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He said mostly nice things -- but is that enough?

He said mostly nice things -- but is that enough?

 

The staff here at davidliss.com is still trying to find a picture of the late Karl Malden reading his advance copy of The Devil’s Company (on sale July 7th!)  In the meantime, here is another nice review, this time from Booklist.

Liss’ third Benjamin Weaver novel finds the eighteenth-century British “thief-taker” (a kind of detective specializing in recovering stolen goods) on the wrong end of an elaborate scam. A secretive businessman, Mr. Cobb, has bought the debts of Weaver’s uncle and two friends and threatens to throw them all into debtors’ prison if Weaver doesn’t do his bidding: gather information that could be used against London’s formidable East India Company. Reluctantly, Weaver is on the case, but his real agenda is to save his friends and use whatever information he uncovers against Cobb and his henchmen. As in the previous Weaver adventures, A Conspiracy of Paper (2000), about Exchange Alley, center of the eighteenth-century British stock trading, and A Spectacle of Corruption (2004), about the world of bare-knuckle politics, Liss probes another insular community, silk traders, whose tentacles extend deep into every fabric of British economic and social life. His portrait of the East India Company could stand as a treatise on the birth of today’s megacorporation: rife with historical detail and philosophical rumination on the proper relationship between business and government, it offers context on issues that continue to fuel debate on both sides of the Atlantic, but it does so not with pontificating economists but with a cast of robust Dickensian characters who wear their individuality on their silky sleeves…. For every English major who flunked economics, Liss is here to complete our education in a way we can understand.— Bill Ott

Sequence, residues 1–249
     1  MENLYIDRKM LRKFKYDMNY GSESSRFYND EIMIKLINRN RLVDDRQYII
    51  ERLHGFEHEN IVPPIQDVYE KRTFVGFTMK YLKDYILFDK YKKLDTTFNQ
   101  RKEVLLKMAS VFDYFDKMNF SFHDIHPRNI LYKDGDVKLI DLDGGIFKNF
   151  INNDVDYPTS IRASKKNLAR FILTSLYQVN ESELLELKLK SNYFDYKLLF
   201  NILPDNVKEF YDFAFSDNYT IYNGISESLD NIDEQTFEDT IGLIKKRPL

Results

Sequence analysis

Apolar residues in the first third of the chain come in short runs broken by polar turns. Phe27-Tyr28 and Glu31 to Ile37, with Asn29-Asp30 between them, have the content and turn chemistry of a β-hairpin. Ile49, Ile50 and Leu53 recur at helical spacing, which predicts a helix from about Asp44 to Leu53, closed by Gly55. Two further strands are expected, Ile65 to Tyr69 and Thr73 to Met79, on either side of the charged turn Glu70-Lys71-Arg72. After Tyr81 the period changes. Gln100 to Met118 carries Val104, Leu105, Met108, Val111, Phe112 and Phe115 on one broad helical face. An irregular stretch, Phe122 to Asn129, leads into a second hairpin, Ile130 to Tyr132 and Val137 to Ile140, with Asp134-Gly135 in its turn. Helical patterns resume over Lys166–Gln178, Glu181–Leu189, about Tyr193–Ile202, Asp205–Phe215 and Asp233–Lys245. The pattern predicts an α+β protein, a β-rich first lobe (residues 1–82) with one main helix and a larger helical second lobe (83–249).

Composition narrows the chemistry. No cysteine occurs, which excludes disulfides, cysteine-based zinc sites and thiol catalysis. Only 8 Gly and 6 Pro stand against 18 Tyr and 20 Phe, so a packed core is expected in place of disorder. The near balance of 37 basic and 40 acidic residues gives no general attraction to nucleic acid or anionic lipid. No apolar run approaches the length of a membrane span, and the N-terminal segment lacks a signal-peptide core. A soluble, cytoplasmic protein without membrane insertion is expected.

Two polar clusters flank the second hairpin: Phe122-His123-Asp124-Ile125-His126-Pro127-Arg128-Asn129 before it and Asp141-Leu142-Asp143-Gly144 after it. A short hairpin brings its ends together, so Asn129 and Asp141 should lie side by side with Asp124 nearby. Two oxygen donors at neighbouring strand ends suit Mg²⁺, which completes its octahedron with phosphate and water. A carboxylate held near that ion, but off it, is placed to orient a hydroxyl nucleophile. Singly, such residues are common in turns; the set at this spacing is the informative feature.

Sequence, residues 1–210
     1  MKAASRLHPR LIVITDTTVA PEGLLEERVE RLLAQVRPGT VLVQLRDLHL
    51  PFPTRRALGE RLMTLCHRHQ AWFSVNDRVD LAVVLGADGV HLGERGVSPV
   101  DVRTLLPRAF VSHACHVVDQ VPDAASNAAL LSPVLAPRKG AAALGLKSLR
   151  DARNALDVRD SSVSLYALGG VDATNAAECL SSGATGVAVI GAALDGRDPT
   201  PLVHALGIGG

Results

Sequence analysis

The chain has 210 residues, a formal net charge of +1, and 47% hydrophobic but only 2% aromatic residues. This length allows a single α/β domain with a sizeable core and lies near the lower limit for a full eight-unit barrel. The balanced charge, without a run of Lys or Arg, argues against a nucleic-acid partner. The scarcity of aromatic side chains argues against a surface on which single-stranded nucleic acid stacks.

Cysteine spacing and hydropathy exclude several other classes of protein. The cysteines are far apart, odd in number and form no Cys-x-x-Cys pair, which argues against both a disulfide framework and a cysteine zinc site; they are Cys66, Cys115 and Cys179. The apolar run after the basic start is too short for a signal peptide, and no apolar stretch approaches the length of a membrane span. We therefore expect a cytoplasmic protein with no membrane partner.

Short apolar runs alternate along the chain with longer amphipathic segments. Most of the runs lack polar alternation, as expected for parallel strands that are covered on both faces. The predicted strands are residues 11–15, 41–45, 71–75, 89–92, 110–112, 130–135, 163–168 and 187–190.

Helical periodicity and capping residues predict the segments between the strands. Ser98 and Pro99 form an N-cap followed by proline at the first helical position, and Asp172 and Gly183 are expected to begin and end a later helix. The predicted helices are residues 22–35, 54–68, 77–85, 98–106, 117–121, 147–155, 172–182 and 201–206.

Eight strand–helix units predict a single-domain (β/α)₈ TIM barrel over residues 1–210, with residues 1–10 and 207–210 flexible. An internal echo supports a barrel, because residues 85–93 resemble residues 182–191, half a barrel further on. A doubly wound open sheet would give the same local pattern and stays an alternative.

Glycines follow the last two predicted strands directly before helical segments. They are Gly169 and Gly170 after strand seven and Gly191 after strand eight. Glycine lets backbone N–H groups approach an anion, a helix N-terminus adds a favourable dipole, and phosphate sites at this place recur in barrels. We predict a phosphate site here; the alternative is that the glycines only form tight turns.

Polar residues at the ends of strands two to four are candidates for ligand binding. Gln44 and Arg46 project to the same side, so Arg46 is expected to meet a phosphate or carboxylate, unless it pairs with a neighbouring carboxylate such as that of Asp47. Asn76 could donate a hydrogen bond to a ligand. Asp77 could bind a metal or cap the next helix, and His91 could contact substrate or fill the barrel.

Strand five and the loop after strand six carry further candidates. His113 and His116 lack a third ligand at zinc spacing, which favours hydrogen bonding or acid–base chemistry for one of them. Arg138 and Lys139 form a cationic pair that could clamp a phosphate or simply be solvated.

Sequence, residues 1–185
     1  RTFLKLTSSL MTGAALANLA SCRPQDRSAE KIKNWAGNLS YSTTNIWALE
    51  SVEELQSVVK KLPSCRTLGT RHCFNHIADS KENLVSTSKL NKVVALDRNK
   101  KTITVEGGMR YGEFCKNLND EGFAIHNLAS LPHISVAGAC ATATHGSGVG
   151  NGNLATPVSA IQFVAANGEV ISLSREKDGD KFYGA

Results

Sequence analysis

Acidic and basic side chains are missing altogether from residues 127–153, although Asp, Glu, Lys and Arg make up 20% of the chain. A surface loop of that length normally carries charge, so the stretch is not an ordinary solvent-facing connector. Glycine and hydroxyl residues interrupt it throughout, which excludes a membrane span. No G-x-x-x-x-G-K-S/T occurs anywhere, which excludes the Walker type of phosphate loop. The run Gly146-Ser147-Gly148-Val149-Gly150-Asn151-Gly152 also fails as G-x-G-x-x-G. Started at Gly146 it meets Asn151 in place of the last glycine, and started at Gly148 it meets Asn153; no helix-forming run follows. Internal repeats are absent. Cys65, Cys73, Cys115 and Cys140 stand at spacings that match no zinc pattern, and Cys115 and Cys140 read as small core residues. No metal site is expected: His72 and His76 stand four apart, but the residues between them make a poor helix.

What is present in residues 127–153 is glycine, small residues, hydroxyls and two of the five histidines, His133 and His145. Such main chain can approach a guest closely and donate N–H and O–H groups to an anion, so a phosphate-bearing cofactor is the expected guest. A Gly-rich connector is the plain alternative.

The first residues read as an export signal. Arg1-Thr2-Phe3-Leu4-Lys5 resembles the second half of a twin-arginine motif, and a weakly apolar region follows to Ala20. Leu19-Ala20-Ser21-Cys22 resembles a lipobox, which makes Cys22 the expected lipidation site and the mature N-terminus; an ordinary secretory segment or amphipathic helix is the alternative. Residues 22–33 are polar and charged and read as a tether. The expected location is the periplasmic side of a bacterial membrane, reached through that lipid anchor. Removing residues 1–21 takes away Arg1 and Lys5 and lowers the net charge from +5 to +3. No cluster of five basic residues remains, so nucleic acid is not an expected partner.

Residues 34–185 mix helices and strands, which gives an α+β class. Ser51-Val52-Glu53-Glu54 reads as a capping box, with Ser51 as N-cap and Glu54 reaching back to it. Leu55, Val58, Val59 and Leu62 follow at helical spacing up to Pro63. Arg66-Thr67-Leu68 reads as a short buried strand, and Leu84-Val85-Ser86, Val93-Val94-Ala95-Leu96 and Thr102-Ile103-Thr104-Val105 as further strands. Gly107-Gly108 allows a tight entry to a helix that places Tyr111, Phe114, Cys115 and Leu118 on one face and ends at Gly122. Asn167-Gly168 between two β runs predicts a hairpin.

I’ve taken the liberty of redacting the reviewer’s one negative comment.  You don’t need to know about it.  But in light of my recent comments on Alice Hoffman Tweeting her detractors into oblivion (see my June 29th post), I am willing to supply reviewer Bill Ott’s email address to anyone who wants to tell him off for daring to speak ill, however slightly, of anything I’ve done.  Just email us, and one of the friendly staffers here at davidliss.com will get right back to you. 

These are, after all, dangerous times to be disrespecting a writer in print.  You got Alice Hoffman’s freak out, which has already turned her name into a verb and an adverb (e.g., “I’ll Hoffman you” and “You have responded to my review most Hoffmanfully”).  Now there’s the story of Caleb Crain’s New York Times review of Alain de Botton’s Pleasures and Sorrows of Work.  Crain (full disclosure time – I went to grad school with him and think him an all around swell guy) wrote a pretty harsh review, and then de Botton blasted back rather Hoffmanfully on Crain’s blog.  “I will hate you till the day I die,” the angry writer Hoffmans, “and wish you nothing but ill will in every career move you make.”  For even yet still more on this unfolding story, check out this article on Bookseller.com.  In the meantime, with The Devil’s Company to be on the shelves soon (July 7th!), I say reviewers, be careful.

I found this on the internet.  I didn't even have to look very hard.

I found this on the internet. I didn't even have to look very hard.

Also, here’s a picture of a cat I don’t know sitting on a Kindle that is not mine.  If Amazon would send me a free Kindle (I’d like the DX, please), I would also let my cat use it.  Unless they don’t want me to.

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